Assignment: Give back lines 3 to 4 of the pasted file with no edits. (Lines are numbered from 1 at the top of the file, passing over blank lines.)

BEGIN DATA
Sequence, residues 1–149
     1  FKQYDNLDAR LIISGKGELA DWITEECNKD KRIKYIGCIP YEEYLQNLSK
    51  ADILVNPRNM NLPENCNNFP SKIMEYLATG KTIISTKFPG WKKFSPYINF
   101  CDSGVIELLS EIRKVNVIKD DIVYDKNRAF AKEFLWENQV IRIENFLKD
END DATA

    51  ADILVNPRNM NLPENCNNFP SKIMEYLATG KTIISTKFPG WKKFSPYINF
   101  CDSGVIELLS EIRKVNVIKD DIVYDKNRAF AKEFLWENQV IRIENFLKD